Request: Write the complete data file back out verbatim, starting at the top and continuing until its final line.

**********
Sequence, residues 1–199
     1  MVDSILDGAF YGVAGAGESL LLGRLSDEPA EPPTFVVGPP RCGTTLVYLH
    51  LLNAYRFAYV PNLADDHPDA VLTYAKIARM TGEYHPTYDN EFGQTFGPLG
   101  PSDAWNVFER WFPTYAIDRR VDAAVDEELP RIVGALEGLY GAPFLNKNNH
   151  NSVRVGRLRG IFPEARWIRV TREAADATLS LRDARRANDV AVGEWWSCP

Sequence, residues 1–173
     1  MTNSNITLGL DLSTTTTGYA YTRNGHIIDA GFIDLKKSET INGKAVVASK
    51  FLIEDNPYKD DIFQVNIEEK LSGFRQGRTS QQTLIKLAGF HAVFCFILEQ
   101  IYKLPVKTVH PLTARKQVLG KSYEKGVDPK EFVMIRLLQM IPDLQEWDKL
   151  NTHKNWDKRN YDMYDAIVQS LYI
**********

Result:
Sequence, residues 1–199
     1  MVDSILDGAF YGVAGAGESL LLGRLSDEPA EPPTFVVGPP RCGTTLVYLH
    51  LLNAYRFAYV PNLADDHPDA VLTYAKIARM TGEYHPTYDN EFGQTFGPLG
   101  PSDAWNVFER WFPTYAIDRR VDAAVDEELP RIVGALEGLY GAPFLNKNNH
   151  NSVRVGRLRG IFPEARWIRV TREAADATLS LRDARRANDV AVGEWWSCP

Sequence, residues 1–173
     1  MTNSNITLGL DLSTTTTGYA YTRNGHIIDA GFIDLKKSET INGKAVVASK
    51  FLIEDNPYKD DIFQVNIEEK LSGFRQGRTS QQTLIKLAGF HAVFCFILEQ
   101  IYKLPVKTVH PLTARKQVLG KSYEKGVDPK EFVMIRLLQM IPDLQEWDKL
   151  NTHKNWDKRN YDMYDAIVQS LYI